US: 22 Sep 2017
UK: 22 Sep 2017
The seven-year-long hiatus Godspeed You! Black Emperor went on was a period highlighted by the void they left behind. Having released three albums before, with the exceptional Lift Your Skinny Fists Like Antennas to Heaven standing out, the band moved into a period of hibernation. The results of this break came to fruition in 2012, with the group’s new album ‘Allelujah! Don’t Bend! Ascend!, a record that rivaled the quality of Lift Your Skinny Fists Like Antennas to Heaven, which needless to say was a herculean task.
The return however also signaled a period of change for Godspeed You! Black Emperor and this became more apparent with Asunder, Sweet and Other Distress. The band’s shortest album still featured all the qualities associated with its earlier works, from the massive crescendos to the drifting drones, from the ethereal atmosphere to the heavy riffs, but it presented them in a condensed fashion. The new album, Luciferian Towers, carries down this path with a more adventurous outlook, as the band reconfigures its sound with a different focus.
That is not to say that the band has changed its style, but rather that it is going through a process of evolution. The main aspect that has changed is that Godspeed You! Black Emperor doesn’t run with the same force and energy it used to. The promise of the famed post-rock crescendos, violent and heavy outbreaks after an intense build-up, is never fully delivered in Luciferian Towers, despite the heavy riffs of “Bosses Hang Pt. I” or the acceleration of the repetitive patterns in “Bosses Hang Pt. II” and especially “Bosses Hang Pt. III”. Considering the political edge the band has always chosen to focus on, with its raging anger towards capitalism and neoliberal notions, it is rather a strange stand that it takes when it comes to the progression and weight of Luciferian Towers. It is a living contradiction in itself, and one that becomes more and more intricate as the album unfolds.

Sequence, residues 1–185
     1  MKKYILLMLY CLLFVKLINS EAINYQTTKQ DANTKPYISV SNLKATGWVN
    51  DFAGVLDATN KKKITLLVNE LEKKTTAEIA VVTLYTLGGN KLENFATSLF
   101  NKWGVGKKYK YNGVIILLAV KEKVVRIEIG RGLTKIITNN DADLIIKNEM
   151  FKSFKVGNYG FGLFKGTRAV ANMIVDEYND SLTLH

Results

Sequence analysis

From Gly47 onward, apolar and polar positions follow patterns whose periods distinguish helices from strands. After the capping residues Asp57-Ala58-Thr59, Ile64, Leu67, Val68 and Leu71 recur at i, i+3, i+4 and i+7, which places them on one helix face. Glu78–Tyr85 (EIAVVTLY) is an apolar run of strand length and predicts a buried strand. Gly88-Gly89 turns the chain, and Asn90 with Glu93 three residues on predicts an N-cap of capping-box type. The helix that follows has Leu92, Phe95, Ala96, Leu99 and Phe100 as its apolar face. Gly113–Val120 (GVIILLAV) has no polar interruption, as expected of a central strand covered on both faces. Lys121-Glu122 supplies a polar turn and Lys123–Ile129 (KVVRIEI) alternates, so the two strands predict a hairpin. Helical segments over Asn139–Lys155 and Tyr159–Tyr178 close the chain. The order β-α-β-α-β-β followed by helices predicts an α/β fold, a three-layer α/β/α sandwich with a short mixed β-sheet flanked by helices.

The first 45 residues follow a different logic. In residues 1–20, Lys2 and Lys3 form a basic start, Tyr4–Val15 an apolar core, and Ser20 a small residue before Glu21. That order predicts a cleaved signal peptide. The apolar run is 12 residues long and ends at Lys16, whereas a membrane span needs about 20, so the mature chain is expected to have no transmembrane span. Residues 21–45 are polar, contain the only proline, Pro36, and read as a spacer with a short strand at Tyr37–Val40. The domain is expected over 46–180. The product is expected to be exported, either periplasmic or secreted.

Instead, Godspeed You! Black Emperor explores the melodies and harmonies that can exist in its concepts. And that’s what makes Luciferian Towers by far the most melodic work the band has ever released, with the first two parts of “Anthem to No State” highlighting this notion entirely. This conscious choice is implemented perfectly by the stunning lead work, arriving with so much emotion, as Sophie Trudeau’s violin performance particularly contributes to this monumental effort.
Despite the nurturing of melody, elements of experimentalism still run rampage in the music, as has always been the case with the band’s vision. Constructing grand atmospheres, making use of feedback loops and audio effects, the band creates this stunning void comprised of dissonance. Clashing with the melodic qualities of its music, the two elements reach a higher, richer sonic dimension, with Godspeed You! Black Emperor channeling all its creativity to complete this extravagant trip. That is particularly felt in the only slight outbreak of the record, the ending part of “Anthem For No State Pt III” where the band compromises between its heavier self, filled with an upbeat drum pace and the feedback frenzy, alongside the excellent lead guitar parts. It is the closest thing to chaos Luciferian Towers brings.
Luciferian Towers finds Godspeed You! Black Emperor in a strange place. When the group released ‘Allelujah! Don’t Bend! Ascend!, it seemed like the path which opened with F # A # ∞ was still in place. But since Asunder, Sweet and Other Distress and especially now with Luciferian Towers, the ensemble is in a moment of transition. Hanging on to individual elements of its past, Godspeed You! Black Emperor is slowly reinventing its sound, working on its intricacies and dynamics, focusing on different elements and trying to awaken different emotions. Even though it doesn’t seem like this is the end of this road, the process has already borne fruit in the case of Luciferian Towers and presented a different facade. But it feels there is still ground to cover to reach the end goal, and that is very promising.
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